This post also includes 2016 Part II. That period was mostly consumed by my failed attempt to complete Harvard's Introduction to Computer Science course hosted by edX. I enjoyed the challenge and completed about half of the coursework but then had to turn my attention to a year-long deployment to Afghanistan. Spending most of 2017 in the conflict that defined the era of my military service definitely taught me some lessons (future posts).
For now here are my book recommendations....
Originally published in 1999 and updated in 2002 War at the Top of the World makes the case as to why SW Asia was tremendously important and would play a major role in 21st century security conflicts. Margolis nails it. The book was roughly divided into thirds; Afghanistan/Taliban/Osama to Kashmir/Tibet to India/China/Pakistan. It was refreshing to know that somebody had their pulse on this region even though it was completely ignored leading up to 2001. It has a bit too much first-person monologue and personal bias to be considered part of the pantheon for this region and era but it was an incredibly valuable perspective and warning.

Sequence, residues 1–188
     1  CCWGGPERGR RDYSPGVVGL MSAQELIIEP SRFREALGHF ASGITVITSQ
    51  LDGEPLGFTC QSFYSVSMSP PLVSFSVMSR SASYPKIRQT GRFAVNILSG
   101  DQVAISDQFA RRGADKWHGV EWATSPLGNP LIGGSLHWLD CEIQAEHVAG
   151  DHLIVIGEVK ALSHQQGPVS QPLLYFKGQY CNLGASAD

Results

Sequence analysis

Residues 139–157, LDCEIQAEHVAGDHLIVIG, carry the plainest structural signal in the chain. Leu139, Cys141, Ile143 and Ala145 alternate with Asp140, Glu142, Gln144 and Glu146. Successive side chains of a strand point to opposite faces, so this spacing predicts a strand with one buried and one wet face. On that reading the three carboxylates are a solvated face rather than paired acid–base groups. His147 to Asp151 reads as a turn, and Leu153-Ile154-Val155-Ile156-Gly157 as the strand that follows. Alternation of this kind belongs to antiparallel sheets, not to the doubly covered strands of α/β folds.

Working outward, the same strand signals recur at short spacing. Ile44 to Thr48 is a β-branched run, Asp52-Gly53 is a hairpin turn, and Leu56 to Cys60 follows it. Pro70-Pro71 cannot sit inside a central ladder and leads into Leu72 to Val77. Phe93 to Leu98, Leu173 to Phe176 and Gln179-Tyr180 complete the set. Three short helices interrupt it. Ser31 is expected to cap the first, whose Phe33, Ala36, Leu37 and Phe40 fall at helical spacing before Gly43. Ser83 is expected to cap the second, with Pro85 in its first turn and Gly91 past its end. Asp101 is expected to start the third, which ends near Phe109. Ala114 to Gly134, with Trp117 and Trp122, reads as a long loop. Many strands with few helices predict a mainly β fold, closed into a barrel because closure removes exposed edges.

Dr. Jones, formerly of RAND and now at CSIS, takes us through the US' involvement in Afghanistan from 9/11 to 2009, just prior to Obama's surge. As I tried to figure out what had already been done or tried in Afghanistan I found In the Graveyard of Empires to be an excellent narrative. Very readable primer on the first eight years of this conflict.
Along with Karl Marlantes and few others, Sebastian Junger speaks for our generation of military veterans with authority despite not being a veteran himself. He's shared hardships with soldiers and understands them better than they understand themselves. Tribe seeks to explain how and why soldiers have such difficulty when they leave the service and attempt to reintegrate into society. Part of the problem is that there is no substitute for the strong bonds they formed in combat with fellow soldiers and nothing that gives them the same sense of purpose as accomplishing their mission and watching each other's back. Junger blames American society for putting these young people in harm's way and then forgetting about them and refusing to acknowledge their contributions beyond the perfunctory "Thank you for your service".